Forcing officers to give statements without reading them their Miranda rights, meanwhile, might have thwarted any future prosecution of the officers by making those statements inadmissible as evidence. Worse, any leads in a case that stemmed from such statements could well be seen as “fruit from the poisonous tree,” and thus inadmissible as well.

Police officers — just like other potential defendants — can’t be compelled to cooperate in criminal cases, under the Fifth Amendment.

Under NOPD rules, officers can be made to cooperate in administrative probes used to mete out discipline for departmental violations, but those inquiries are supposed to be kept separate from criminal ones.

The questionable actions in the Grimes case, though clearly out of step with sound policing principles, apparently were not unusual. They may well have followed standard NOPD practice at the time, according to the 2011 DOJ investigation.

The DOJ’s report said the practice of compelling officer statements in criminal probes was “egregious” but apparently commonplace.

The practice of “deeming the statements officers provided to homicide investigators to be ‘compelled,’ ” the report found, “effectively immunized the use of these statements in any subsequent criminal proceeding.

“It is difficult to view this practice as anything other than a deliberate attempt to make it more difficult to criminally prosecute any officer in these cases, regardless of the circumstances.”

U.S. Attorney Kenneth Polite Jr. has declined to discuss the case or why the office dropped its investigation of it last year.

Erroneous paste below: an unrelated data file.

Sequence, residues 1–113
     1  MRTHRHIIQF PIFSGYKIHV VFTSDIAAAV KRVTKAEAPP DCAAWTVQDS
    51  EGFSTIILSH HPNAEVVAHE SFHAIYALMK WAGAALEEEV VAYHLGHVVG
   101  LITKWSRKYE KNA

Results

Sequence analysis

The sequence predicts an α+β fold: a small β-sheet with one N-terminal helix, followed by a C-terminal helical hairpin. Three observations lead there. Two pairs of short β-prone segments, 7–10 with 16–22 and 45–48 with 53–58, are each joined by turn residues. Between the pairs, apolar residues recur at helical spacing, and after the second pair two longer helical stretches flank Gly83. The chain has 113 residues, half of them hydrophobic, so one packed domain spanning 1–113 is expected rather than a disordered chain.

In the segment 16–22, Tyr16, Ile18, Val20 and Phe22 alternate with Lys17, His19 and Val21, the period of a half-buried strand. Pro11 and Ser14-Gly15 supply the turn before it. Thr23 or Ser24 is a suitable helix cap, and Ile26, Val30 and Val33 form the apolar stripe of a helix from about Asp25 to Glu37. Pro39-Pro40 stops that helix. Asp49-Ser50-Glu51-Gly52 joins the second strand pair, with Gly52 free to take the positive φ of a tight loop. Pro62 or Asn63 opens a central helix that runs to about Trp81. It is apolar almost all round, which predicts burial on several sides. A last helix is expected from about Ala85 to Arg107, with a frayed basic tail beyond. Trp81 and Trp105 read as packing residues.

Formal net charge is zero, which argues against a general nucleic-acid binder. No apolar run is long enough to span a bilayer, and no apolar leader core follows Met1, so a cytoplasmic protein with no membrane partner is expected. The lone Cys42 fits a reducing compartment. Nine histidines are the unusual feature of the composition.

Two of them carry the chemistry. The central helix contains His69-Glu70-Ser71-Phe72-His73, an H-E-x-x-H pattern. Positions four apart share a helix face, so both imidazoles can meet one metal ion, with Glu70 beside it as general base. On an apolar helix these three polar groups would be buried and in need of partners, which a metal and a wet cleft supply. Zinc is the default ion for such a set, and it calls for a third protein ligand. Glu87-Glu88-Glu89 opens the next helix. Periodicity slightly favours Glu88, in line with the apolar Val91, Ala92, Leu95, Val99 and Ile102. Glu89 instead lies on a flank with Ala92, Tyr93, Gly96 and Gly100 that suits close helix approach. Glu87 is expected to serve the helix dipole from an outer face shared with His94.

While police policy requires officers to warn or advise a suspect before resorting to reasonable force, failing to do so rarely results in criminal prosecution unless the force itself is found to be excessive, compared to the immediate threat.

Avoiding collusion

In general, officers being investigated in a case that could result in criminal charges — such as a homicide, even one that appears to be justified — should be treated like other would-be defendants, according to Sam Walker, a professor at the University of Nebraska who specializes in police accountability.

That means it’s a no-no to assemble the officers involved in a shooting to arrive at a common narrative before taking individual statements, Walker said.

Notoriously, a group of New Orleans officers allegedly got together at the ruined 7th District police headquarters to hash out an agreed-upon — and allegedly false — version of what happened when cops shot several people on the Danziger Bridge days after Hurricane Katrina.